“clear and convincing,” the moving party “must show materially more than a mere preponderance
of convenience, lest the standard have no real or practical meaning.” Quest NetTech Corp. v. Apple,
Inc., No. 2:19-cv-118, 2019 WL 6344267, at *7 (E.D. Tex. Nov. 27, 2019). In considering a
transfer under § 1404(a), the Court may consider undisputed facts outside of the pleadings but
must draw all reasonable inferences and resolve factual disputes in favor of the non-movant. See
Vocalife LLC v. Amazon.com, Inc., No. 2:19-cv-00123, 2019 U.S. Dist. LEXIS 205696, 2019 WL
6345191, at *2 (E.D. Tex. Nov. 27, 2019); cf. Trois v. Apple Tree Auction Cent. Inc., 882 F.3d
485, 492-93 (5th Cir. 2018) (reviewing a transfer under § 1406); Ambraco, Inc. v. Bossclip B.V.,
570 F.3d 233, 238 (5th Cir. 2009) (reviewing enforcement of a forum-selection clause).
a. This Action Could Have Been Brought In The Northern District Of
The parties agree this action could have been brought in the Northern District of California. (See
Mot. at 6, Dkt. No. 103 at 3 (“Opposition” or “Opp.”)). Accordingly, the Court finds this case could have
been brought in the Northern District of California.
b. Cooper Declaration
As the burden of proof is on the moving party, Fortinet has provided declarations and documentary
evidence to support its motion. However, Lionra argues that many of Fortinet’s factual allegations are not
sufficiently supported by the record. Primarily, Lionra argues that Mr. Cooper, Fortinet’s Senior Vice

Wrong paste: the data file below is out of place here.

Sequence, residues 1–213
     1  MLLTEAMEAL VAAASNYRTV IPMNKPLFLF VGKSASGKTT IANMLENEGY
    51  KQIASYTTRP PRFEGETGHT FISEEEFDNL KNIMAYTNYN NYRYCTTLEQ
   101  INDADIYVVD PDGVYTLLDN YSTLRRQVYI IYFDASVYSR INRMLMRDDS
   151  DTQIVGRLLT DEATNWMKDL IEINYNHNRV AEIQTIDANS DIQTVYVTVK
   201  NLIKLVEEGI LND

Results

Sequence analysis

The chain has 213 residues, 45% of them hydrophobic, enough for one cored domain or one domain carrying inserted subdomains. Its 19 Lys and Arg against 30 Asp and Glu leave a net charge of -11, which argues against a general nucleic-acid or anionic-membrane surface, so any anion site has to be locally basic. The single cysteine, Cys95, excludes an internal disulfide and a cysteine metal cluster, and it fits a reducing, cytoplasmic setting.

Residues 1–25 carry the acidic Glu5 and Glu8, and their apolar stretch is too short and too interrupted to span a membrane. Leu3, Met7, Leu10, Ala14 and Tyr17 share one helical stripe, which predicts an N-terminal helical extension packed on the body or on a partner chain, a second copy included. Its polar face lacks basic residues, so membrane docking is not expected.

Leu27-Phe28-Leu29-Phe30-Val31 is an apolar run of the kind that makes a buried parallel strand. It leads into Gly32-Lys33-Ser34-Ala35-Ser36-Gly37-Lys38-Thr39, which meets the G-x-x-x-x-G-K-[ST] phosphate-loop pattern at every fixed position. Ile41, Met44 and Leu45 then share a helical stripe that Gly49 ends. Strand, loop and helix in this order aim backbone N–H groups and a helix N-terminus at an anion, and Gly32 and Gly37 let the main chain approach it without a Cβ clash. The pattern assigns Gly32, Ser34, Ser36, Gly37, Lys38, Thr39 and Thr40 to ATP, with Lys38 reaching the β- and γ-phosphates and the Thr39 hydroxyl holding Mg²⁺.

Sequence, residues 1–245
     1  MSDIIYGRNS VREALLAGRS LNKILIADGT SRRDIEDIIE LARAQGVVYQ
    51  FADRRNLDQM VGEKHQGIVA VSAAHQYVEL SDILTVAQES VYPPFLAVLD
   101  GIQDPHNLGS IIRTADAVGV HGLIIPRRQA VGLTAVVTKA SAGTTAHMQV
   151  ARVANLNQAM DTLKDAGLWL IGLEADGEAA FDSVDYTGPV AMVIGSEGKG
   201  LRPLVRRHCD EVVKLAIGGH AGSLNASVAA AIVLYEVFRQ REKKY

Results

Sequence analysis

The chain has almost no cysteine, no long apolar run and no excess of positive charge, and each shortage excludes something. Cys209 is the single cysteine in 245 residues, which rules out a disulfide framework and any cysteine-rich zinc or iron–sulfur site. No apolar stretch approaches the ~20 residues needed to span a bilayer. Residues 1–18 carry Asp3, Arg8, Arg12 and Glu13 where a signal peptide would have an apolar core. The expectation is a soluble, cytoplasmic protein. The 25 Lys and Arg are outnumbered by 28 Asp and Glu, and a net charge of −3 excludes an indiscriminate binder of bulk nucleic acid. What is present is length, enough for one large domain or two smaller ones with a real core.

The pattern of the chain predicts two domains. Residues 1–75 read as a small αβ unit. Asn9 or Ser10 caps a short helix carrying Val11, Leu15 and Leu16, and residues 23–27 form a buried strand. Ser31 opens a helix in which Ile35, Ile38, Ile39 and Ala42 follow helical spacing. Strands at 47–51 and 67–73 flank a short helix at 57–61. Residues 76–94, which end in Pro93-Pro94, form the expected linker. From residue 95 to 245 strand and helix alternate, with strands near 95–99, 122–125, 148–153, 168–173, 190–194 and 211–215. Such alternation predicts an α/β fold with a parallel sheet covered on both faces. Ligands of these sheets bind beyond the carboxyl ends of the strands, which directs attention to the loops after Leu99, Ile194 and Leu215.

President of Litigation and Compliance and primary declarant for its Motion, failed to perform an adequate
investigation to support his declaration. (Opp. At 3-4). In particular, Lionra points to Fortinet’s responses
to certain requests for production and an interrogatory to show Mr. Cooper never reviewed “physical
evidence that does not also exist in electronic form” or “electronic evidence on individual computers and
not on shared locations” nor did he speak with anyone in Texas. (Id. at 3-4, 8). As such, Lionra argues when
Mr. Cooper testifies “to my knowledge,” such statements should hold no weight as Mr. Cooper has no
relevant knowledge. (Id.)
In response, Fortinet notes Lionra chose not to depose Mr. Cooper or anyone else to fully address
the scope of Fortinet’s investigation. (Dkt. No. 110 at 3-4 (“Reply”).) Fortinet argues that had Lionra asked
Mr. Cooper what he did in preparation for his declaration, “he would have testified that Fortinet’s human
resources department investigated the number, identify, and job roles of Fortinet’s employees in Texas.”
(Id.) 1 Indeed, Fortinet provided Lionra much of the information its human resources department provided
Mr. Cooper. (Id.).
Considering the parties’ showings, the Court finds Lionra has not shown Mr. Cooper’s declaration
is unreliable. While Lionra rightly identifies certain concerns with Fortinet’s declaration, namely that Mr.
Cooper is an in-house attorney whose knowledge is second hand, Lionra has not shown any material
deficiency with Mr. Cooper’s declaration testimony. Instead, Lionra’s limited discovery did not uncover